In the history of western children’s literature, after Pilgrim’s Progress came Isaac Watt’s elegies for children, Divine Songs. But while Pilgrim’s Progress was actually intended for adults and children learned from it, Divine Songs was intended to be for children. And while Pilgrim’s Progress actually does have some relevance for Christians today (even given how bored I felt while reading it), Divine Songs are even more painfully instructive than Pilgrim’s Progress was. In fact, I don’t want my son to ever read these as a child.
In his Divine Songs, Isaac Watts warns children of their damnation in no uncertain terms. His visions of burning and hell-fire held nothing back. His poems are called “elegies,” and this refers to not just the rhyming format but the subject matter. According to Harmon and Holman, elegies tend to be about mourning and death:
In classical writing the elegy was more distinguishable by its use of the elegiac meter than by subject matter. The Elizabethans used the term for love poems, particularly complaints. Up through the end of the seventeenth century, elegy could mean both a love poem and a poem of mourning. Thereafter, the poem of mourning became virtually the only meaning. (page 178-179, eight edition, A Handbook to Literature)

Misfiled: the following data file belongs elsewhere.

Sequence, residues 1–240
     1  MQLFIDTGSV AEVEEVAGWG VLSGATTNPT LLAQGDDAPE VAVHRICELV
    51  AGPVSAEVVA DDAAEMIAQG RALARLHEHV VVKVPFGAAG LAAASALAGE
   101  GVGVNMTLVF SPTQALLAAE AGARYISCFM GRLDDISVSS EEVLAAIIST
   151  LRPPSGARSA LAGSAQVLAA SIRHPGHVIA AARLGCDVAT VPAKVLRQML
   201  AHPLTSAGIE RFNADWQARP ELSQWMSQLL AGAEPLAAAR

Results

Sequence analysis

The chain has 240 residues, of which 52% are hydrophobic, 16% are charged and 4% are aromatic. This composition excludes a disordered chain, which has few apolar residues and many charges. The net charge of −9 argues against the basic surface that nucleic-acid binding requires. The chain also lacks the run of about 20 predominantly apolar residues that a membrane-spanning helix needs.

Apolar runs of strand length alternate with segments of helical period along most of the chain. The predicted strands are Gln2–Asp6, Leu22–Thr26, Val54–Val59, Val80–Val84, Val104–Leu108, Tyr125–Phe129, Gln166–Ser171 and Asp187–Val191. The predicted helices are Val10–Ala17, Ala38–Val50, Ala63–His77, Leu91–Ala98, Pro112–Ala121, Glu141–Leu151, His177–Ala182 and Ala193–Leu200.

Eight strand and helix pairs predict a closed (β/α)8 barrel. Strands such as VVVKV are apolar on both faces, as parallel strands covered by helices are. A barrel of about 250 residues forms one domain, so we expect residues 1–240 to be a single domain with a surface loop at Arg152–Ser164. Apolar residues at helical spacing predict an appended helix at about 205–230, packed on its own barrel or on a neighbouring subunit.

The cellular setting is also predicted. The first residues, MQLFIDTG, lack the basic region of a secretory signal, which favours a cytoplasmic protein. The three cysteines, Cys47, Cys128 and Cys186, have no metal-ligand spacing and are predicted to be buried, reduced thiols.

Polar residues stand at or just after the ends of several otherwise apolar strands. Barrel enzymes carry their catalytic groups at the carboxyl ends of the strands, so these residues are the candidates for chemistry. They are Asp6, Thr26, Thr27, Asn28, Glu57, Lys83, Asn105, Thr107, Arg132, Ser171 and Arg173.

Isaac Watts wrote his poems for children in 1715. Just as 30 years earlier John Bunyan shared Pilgrim’s Progress for a specific purpose (helping teach Christian principles), Watts obviously wrote his children’s poems to teach children Christian and moral principles (although the Christianity is not quite as charitable as we may expect today).
Sometimes, though, Watts’ moralistic lessons for children are rather amusing. Even the damnation verses are amusing if you read them without thinking about the little child you are supposed to be reading them to. For example, here are the first two stanzas of Song 16, “Against Quarrelling and Fighting.”
1 Let dogs delight to bark and bite,
For God has made them so;
Let bears and lyons growl and fight,
For ’tis their nature too.
2 But, children, you should never let
Such angry passions rise;
Your little hands were never made
To tear each other’s eyes.
I guess it might not sound too amusing, but really it’s kind of pathetic that this was what children had for literature, and that this is what they were memorizing (as Alice was called upon to recite in Alice in Wonderland). I’d have nightmares of damnation if I were a child!
I did appreciate Isaac Watts’ poetic version of the Ten Commandments (half way down this webpage), and his Cradle Hymn wasn’t too bad, although there is still a stanza about damnation in it.
In the end, I’d rather read my son Sandra Boyton‘s bedtime poetry.